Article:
Decaf - Colombia
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Farm - San Lorenzo, Colombia
Process - Washed, Sugar Cane Process Decaf
Varietal - Castillo and Caturra
Altitude - 1600-2000masl
Notes - Milk chocolate, toasted nuts
This producer group is part of the Cooperativa de Caficultores de Alto Occidente de Caldas which was established in 1964. The San Lorenzo indigenous group are based in the Rio Sucio municipality of Caldas where there are 11,500 inhabitants with 1,150 farmers growing and producing coffee within the 21 communities. This region until recently was heavily inhabited by the FARC, ELN, Paramilitary groups and guerrillas who looked to control this central corridor in Colombia. This region has not been known for specialty production but as the tensions ease and access has improved it is now possible to demonstrate the quality of the coffees available.
The indigenous inhabitants believe in the Pacha Mama where they see the land as a living being. To them it is their duty to protect the natural environment and have as little impact as possible from their farming of coffee and to leave it as it has always been. Each farmer has approximately 0.5 Ha of land in which they have about 2500 coffee trees.During the harvest the families will work with their neighbours to select ripe cherry before de-pulping in micro-beneficios where they will then de-pulp and ferment the coffee in water for 16 -24 hours depending on the weather. The coffee is then washed and then put out to dry on small drying patios on the roofs of the houses where they will dry it for between 8 – 14 days depending on the weather. They then deliver it to the Cooperative where it is assessed and categorised before being allowed to rest and then milled for shipment.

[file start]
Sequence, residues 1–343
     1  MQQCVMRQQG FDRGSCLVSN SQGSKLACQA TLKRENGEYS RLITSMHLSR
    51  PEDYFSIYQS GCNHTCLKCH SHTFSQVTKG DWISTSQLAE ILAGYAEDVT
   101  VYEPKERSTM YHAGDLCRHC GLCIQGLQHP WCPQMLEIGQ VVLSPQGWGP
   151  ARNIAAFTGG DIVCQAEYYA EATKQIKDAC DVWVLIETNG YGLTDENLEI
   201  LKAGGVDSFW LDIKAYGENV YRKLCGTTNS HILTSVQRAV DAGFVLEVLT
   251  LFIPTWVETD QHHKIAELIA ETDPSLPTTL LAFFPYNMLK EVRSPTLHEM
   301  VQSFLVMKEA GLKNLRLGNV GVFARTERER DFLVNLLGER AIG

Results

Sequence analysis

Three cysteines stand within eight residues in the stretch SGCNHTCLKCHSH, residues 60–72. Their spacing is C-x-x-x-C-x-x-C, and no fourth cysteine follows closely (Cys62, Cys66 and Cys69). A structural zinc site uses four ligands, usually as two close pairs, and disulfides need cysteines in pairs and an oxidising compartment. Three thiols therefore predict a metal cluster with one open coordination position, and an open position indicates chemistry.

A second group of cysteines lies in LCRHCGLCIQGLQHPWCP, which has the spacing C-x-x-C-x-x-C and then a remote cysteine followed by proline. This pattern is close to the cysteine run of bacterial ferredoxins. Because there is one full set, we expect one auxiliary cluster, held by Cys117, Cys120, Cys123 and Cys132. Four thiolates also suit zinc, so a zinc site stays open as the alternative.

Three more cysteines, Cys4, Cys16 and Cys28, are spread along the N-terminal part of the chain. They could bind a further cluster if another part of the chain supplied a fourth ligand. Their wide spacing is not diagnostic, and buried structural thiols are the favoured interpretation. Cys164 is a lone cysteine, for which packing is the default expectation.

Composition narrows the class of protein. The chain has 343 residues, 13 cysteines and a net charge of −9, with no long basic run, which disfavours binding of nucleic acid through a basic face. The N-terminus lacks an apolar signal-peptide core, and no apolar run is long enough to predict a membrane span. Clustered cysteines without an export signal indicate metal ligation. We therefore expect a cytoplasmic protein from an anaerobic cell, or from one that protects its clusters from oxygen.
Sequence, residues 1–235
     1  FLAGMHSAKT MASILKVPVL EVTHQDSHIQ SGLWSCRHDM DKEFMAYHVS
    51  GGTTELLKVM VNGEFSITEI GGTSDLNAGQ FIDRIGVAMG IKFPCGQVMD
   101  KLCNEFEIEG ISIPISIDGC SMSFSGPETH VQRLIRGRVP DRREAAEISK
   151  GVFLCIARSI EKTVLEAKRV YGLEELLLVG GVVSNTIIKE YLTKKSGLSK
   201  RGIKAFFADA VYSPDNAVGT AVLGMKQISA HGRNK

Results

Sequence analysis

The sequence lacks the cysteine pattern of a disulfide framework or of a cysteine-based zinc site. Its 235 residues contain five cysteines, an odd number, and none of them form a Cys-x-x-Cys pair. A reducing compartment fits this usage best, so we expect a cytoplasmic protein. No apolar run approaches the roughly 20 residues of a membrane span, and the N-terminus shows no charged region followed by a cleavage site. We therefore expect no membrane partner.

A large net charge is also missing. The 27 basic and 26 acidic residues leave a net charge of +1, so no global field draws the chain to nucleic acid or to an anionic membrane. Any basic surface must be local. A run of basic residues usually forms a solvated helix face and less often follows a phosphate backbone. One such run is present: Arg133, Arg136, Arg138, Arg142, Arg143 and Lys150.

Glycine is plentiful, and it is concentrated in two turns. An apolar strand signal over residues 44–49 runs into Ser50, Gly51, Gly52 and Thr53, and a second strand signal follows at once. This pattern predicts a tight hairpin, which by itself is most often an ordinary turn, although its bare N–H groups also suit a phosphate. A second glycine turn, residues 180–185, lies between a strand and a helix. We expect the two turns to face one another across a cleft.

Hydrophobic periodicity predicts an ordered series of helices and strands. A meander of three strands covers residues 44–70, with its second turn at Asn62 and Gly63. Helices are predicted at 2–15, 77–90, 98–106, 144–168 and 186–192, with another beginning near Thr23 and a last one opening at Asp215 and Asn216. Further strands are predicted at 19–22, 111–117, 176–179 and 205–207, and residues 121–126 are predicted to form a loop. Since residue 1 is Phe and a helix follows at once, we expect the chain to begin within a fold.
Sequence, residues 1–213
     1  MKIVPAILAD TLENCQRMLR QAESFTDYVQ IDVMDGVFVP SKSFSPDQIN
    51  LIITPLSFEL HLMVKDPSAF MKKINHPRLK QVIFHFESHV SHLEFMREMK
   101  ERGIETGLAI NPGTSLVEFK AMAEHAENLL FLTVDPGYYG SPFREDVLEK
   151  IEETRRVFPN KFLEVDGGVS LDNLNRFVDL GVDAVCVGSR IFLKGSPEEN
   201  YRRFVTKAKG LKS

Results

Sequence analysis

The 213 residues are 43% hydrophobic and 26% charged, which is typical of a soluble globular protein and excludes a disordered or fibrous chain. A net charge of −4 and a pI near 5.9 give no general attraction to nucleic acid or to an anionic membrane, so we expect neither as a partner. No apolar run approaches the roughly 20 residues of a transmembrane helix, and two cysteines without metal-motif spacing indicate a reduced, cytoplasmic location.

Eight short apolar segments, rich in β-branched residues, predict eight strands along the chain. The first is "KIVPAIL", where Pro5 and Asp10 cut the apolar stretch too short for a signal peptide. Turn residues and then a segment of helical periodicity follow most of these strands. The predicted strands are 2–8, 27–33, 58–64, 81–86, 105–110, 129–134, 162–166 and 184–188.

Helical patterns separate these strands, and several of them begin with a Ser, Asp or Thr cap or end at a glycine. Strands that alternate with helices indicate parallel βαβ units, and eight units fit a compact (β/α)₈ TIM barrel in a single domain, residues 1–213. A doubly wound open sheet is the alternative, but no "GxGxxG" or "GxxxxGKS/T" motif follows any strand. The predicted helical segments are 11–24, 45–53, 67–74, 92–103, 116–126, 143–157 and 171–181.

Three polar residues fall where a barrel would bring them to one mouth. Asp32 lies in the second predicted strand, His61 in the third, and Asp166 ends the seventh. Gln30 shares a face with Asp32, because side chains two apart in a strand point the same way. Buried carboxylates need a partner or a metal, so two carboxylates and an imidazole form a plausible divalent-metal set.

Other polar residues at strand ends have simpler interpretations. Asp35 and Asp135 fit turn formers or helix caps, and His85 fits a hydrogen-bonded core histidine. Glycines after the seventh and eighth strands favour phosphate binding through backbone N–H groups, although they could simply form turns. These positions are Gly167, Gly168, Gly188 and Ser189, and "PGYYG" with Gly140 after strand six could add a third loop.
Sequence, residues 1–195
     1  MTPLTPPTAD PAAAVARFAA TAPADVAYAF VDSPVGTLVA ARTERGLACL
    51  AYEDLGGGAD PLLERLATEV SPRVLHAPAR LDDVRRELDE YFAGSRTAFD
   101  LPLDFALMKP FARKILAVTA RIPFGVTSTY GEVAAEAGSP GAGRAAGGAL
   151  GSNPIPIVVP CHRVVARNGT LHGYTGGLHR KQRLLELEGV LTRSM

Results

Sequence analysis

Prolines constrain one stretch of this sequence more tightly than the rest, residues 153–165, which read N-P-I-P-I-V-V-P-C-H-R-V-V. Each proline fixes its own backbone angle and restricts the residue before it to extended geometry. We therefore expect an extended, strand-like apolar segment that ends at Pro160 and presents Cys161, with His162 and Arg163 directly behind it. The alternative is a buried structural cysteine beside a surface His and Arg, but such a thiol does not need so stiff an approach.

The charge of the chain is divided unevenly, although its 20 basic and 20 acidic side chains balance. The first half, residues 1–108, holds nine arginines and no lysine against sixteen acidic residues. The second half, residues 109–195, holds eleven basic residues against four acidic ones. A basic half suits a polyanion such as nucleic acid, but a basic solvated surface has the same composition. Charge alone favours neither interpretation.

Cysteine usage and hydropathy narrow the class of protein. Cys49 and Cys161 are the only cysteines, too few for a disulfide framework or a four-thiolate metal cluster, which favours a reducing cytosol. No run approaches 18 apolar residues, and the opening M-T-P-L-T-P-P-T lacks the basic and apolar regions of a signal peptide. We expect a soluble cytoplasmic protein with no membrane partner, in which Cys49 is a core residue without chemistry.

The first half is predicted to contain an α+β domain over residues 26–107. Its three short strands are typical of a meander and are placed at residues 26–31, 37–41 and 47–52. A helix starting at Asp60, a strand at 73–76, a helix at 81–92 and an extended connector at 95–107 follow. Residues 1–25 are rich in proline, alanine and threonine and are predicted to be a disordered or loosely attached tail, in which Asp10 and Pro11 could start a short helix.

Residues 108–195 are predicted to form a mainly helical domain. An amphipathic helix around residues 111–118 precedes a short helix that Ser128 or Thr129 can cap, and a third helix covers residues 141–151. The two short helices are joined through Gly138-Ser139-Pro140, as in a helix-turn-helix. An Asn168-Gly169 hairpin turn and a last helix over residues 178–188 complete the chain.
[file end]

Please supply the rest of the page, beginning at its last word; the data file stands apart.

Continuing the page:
The Sugar Cane Decaf Process
The coffee first undergoes steaming at low pressures to remove the silver skins before then being moistened with hot water to allow the beans to swell and soften. This then prepares the coffee for the hydrolysis of caffeine, which is attached to the salts of the chlorogenic acid within the coffee. The extractors (naturally obtained from the fermentation of sugar cane and not from chemical synthesis) are then filled with moistened coffee which is washed several times with the natural ethyl acetate solvent, to reduce the caffeine down to the correct levels. Once this process is finished the coffee then must be cleaned of the remaining ethyl acetate by using a flow of low pressured saturated steam, before moving onto the final steps. From here the coffee is sent to vacuum drying drums where the water previously used to moisten the beans is removed and the coffee dried to between 10-12%.
The coffee is then cooled quickly to ambient temperature using fans before the final step of carnauba wax being applied to polish and provide the coffee with protection against environmental conditions and to help provide stability. From here, the coffee is the packed into 35kg bags ready for export.
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